McQueen is a documentary that, like its subject, transcends the industry it portrays. Enchanting and heartbreaking, it’s an enlightening film about a man who had an incredible amount of talent, and pursued his ambitions regardless of the cost.

Near the beginning of McQueen, somebody that knew Lee makes a point that many people now say they discovered the fashion designer, but that you can’t discover talent, you can only help talent along – Lee discovered himself.

That feels as true of McQueen as it is of anyone with true intrinsic talent. Lee Alexander McQueen was the fashion prodigy who grew up in the East End of London, his dad was a black cab driver and his mother looked after him and his three siblings. After college, Lee’s mother suggested he head to Saville Row and try and get an apprenticeship. He succeeded, and changed jobs a couple of times during his apprenticeship, whilst learning the foundation skills that would make him an incredible tailor as well as designer – at one point a boyfriend of Lee’s describes how Lee didn’t need to take someone’s measurements, he could simply look at someone and cut the fabric freehand.

Lee then joined the fashion design MA at Central St Martins. The collection he made for his graduation was bought by Isabella Blow, who became something of a patron and customer of Lee’s, as well as a very close friend. Soon followed the establishment of his fashion brand and his surprise appointment as chief designer Givenchy and fame.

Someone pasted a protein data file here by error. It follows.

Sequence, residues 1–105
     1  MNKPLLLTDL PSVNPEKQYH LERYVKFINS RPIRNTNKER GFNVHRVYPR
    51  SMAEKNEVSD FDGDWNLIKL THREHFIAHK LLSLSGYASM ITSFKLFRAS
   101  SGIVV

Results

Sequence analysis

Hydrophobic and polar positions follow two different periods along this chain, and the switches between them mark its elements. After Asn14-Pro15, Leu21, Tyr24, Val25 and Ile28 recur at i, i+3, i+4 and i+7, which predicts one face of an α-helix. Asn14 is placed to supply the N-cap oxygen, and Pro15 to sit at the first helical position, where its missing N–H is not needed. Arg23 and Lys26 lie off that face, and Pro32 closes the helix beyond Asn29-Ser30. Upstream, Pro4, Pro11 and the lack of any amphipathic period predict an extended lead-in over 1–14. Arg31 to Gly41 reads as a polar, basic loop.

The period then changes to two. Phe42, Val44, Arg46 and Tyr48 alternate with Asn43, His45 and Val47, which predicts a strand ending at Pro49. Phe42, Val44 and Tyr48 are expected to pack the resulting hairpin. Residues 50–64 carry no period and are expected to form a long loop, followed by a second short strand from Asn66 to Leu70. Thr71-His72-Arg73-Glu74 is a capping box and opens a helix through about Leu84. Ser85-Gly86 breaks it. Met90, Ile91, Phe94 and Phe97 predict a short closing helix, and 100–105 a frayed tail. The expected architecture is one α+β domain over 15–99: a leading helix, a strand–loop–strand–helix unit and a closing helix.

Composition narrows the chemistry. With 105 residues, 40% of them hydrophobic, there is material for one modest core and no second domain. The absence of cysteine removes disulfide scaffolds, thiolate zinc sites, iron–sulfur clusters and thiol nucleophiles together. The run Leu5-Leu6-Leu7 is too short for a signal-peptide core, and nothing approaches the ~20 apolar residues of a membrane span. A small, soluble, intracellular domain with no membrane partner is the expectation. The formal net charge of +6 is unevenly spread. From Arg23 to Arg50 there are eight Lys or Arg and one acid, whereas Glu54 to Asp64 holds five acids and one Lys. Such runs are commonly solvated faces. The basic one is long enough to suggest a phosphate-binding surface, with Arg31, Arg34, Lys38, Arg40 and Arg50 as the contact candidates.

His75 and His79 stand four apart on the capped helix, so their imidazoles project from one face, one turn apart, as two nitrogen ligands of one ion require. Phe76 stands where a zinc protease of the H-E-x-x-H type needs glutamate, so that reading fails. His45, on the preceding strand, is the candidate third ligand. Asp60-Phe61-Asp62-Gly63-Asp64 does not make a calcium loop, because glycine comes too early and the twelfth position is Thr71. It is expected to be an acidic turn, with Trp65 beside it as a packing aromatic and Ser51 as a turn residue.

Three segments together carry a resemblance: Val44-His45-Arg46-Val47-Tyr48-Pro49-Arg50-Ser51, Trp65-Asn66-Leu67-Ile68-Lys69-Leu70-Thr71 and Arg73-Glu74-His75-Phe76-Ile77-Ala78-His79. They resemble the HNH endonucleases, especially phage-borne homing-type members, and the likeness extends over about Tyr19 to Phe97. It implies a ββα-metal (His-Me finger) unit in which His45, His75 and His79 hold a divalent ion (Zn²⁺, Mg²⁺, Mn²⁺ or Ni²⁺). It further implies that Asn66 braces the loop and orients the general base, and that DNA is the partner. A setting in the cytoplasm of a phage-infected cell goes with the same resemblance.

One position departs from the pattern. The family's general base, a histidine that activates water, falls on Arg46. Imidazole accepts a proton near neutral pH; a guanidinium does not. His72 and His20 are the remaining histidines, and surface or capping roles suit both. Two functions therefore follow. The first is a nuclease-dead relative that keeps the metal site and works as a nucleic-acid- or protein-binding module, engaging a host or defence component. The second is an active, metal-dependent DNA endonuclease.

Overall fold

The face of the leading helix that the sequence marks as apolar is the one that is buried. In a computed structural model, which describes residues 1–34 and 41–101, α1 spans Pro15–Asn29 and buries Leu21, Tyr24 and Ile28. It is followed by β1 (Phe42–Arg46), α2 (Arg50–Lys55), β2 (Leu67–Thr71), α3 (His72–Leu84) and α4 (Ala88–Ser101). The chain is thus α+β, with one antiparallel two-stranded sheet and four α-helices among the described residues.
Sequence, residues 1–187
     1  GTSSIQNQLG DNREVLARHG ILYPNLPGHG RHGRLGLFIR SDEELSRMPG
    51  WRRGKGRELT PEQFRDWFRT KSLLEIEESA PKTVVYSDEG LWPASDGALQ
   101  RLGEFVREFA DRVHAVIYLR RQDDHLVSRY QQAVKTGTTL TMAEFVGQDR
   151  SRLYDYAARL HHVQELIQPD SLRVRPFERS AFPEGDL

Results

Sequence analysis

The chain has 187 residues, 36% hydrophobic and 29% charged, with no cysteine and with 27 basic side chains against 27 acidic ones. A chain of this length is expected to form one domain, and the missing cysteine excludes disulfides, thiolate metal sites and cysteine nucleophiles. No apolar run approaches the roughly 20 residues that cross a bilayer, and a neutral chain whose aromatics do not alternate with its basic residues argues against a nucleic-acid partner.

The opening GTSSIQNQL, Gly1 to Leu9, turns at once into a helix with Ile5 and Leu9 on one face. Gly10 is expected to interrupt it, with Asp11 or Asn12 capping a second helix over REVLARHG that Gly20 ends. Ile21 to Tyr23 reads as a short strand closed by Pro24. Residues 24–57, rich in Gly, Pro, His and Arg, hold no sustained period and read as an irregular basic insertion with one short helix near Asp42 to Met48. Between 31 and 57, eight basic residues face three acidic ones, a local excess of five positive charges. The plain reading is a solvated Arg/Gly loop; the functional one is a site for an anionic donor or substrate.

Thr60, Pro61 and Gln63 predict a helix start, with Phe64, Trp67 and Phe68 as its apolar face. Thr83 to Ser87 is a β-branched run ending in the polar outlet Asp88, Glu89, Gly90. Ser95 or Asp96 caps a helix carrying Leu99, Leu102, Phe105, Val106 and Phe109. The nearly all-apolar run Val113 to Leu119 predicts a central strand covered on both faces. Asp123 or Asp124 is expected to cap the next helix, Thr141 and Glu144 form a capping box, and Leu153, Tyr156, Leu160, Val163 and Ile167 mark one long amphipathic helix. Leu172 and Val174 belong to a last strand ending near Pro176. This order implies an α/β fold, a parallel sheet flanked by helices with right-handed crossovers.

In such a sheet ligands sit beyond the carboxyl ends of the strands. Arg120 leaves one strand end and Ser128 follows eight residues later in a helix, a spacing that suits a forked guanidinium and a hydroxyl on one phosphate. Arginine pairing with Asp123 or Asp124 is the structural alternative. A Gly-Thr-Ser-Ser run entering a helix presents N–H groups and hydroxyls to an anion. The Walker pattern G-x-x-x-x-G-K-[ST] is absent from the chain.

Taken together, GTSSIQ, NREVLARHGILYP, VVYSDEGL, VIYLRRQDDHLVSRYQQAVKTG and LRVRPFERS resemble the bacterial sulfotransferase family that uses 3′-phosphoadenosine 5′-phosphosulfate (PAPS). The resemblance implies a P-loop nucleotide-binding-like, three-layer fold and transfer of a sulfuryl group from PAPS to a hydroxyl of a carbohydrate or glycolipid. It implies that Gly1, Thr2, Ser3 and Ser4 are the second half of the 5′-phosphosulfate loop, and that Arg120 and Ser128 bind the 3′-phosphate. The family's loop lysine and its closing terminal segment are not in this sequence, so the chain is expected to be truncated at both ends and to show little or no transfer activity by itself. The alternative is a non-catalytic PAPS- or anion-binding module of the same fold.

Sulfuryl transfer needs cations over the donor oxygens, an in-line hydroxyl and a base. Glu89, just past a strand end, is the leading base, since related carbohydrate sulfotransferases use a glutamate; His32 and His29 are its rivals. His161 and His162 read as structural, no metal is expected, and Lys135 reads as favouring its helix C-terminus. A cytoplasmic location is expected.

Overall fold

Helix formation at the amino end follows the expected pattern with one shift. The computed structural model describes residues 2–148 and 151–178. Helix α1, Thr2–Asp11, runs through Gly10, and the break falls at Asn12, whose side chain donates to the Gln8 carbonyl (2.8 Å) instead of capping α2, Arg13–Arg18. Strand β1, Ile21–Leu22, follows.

People spoke about his humour, his silliness, of his joy and how much fun it was to work with him. Later on his friends and colleagues start to speak of how they were never quite sure if they would be getting the joker or the person with a short fuse each day.

Lee loved nature, and his dogs. There are many scenes of him enjoying the countryside, he was also an avid diver. He was also a real person, when he joins Givenchy he asks where the real people eat, which turns out to be a cafeteria in the basement, where he joins them much to the surprise of everyone.

The film doesn’t exploit Lee’s pain – it mentions it, and nearer the end of the documentary where it becomes quite unavoidable it gives us enough information without ever feeling exploitative or glorifying of it. There are also gentle hints at the source of his pain but – thankfully – the filmmakers decide to never absolutely vocalise it. There have been plenty of tabloid headlines about this man and this documentary doesn’t add to them.

What stands alone from this film is Lee, obviously, but also his work. Whether you are a fashion connoisseur or completely clueless, McQueen’s talent is tangible and his hard work looks grueling, working for two fashion houses – Givenchy and his own – and creating up to twelve collections a year.

McQueen is a love letter to an incredible man, and an uncommon talent. Like any great documentary, an interest in the subject is not a prerequisite to enjoying the film, or developing an interest in the subject. The documentary manages to take what could be a tragic story and instead make it feel like a celebration of creativity and joie de vivre, qualities embodied by the genius Lee McQueen.